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September 2014 Archives

Unmarried parties and child custody

In child custody cases involving unmarried parents, Alaska law requires that the child must have lived in the state for at least six months before the parents file for custody or the courts will not be able to render a verdict. However, there are a few exceptions to this rule for extremely young children and in emergency situations. The parents might want to wait until the six-month time frame has passed, or they might opt to file in the previous state of residence.

Military personnel divorces follow modified rules

Getting a divorce in Alaska when one or both spouses are in the military is subject to different laws and rules than when both parties are civilians. Regulations are in place to protect active military from being subject to a default divorce of which they were not even aware. Proceedings may be postponed for the full duration of active deployment and an additional 60 days beyond that. Conversely, this postponement can be put aside if it is an active military person who is seeking the divorce. Alaska also requires that the combination of spousal and child support cannot exceed 60 percent of a military member's pay.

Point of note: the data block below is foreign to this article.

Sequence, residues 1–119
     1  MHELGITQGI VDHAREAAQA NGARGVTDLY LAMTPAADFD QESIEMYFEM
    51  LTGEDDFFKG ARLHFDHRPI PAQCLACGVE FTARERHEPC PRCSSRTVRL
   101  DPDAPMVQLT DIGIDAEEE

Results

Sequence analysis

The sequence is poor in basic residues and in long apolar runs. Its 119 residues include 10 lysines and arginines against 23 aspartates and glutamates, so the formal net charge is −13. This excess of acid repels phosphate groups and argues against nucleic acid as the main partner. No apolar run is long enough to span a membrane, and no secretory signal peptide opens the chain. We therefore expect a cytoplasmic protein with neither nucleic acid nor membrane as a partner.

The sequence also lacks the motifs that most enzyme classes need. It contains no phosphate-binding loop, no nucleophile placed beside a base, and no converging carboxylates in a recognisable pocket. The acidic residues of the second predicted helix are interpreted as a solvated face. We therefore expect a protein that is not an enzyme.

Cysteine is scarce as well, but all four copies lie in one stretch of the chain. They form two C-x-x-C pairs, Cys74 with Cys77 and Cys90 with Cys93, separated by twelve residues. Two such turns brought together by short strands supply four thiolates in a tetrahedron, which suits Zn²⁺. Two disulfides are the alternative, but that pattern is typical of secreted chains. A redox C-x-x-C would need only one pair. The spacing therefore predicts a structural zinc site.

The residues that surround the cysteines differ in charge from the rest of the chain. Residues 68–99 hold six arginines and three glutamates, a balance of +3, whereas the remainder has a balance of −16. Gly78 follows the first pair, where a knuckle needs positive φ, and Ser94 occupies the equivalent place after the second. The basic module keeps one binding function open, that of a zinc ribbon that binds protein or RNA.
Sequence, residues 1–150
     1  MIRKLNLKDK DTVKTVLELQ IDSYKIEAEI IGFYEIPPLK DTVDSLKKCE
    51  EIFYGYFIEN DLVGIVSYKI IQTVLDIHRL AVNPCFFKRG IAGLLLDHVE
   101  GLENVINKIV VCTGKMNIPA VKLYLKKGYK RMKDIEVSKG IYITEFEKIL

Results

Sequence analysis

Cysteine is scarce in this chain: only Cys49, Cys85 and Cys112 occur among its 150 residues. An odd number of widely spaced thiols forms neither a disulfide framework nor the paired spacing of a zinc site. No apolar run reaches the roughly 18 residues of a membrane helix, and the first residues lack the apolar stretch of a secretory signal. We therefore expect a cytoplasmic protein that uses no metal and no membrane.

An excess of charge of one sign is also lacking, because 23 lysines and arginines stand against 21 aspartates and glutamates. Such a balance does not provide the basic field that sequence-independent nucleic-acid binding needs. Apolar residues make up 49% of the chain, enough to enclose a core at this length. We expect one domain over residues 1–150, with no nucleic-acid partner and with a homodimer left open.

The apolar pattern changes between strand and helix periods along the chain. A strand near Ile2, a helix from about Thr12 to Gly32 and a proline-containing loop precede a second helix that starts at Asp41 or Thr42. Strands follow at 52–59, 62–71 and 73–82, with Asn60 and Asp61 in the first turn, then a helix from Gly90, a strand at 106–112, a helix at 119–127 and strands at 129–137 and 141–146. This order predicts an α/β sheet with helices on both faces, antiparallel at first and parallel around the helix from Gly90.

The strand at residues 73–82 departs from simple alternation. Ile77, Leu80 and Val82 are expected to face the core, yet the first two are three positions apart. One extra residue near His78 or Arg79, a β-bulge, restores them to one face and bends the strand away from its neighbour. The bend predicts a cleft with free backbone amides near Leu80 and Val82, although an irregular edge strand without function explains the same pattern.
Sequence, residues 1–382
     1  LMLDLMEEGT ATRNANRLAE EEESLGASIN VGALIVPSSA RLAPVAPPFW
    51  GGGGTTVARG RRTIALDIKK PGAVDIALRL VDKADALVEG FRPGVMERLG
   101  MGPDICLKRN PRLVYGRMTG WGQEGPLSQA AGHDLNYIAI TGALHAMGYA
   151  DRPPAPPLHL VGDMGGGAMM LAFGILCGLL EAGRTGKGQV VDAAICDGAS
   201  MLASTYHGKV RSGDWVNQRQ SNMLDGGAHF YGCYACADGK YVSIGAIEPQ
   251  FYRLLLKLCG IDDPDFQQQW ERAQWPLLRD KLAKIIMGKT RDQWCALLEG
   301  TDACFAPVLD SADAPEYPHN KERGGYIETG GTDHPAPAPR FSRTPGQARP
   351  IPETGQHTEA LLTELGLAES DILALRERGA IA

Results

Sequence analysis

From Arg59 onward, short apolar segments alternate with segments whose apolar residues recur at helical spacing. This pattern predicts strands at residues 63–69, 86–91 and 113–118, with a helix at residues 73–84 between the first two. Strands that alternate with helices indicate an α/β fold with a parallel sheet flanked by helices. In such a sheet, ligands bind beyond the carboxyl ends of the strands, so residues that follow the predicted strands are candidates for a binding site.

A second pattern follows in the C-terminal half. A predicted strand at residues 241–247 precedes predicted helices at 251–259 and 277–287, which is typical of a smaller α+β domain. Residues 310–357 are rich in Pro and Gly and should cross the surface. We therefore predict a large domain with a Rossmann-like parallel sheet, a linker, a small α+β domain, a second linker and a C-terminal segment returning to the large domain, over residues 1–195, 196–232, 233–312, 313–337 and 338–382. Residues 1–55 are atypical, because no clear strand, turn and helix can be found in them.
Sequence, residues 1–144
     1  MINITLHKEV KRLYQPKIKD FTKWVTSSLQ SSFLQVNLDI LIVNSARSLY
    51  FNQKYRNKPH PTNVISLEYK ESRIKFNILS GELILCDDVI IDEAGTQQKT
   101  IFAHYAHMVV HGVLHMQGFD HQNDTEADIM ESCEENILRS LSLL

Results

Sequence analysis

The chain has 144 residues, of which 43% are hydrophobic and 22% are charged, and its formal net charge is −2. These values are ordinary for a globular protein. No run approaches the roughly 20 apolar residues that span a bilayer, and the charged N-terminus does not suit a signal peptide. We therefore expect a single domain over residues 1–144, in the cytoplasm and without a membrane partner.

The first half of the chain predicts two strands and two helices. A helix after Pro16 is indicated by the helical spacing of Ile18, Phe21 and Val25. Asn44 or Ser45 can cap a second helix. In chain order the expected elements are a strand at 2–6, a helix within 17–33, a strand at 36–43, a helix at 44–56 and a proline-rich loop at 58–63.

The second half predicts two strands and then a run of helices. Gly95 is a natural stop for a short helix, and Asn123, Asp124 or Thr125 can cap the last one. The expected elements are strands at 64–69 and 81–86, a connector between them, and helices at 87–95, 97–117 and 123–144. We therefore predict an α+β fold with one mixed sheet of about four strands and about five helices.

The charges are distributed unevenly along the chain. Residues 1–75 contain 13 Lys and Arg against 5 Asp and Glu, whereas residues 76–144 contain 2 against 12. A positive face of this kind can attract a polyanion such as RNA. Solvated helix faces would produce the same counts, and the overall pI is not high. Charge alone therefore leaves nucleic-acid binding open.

When forensic accounting is helpful in divorce

Any person in Alaska who is contemplating a divorce will need some sort of plan to determine how to divide up the couple's marital properly fairly. Alaska law in general follows the principle of equitable distribution, requiring the court to divide assets in a way that is as fair as possible to both parties. However, this is not possible until all the marital assets are known and their actual value has been determined.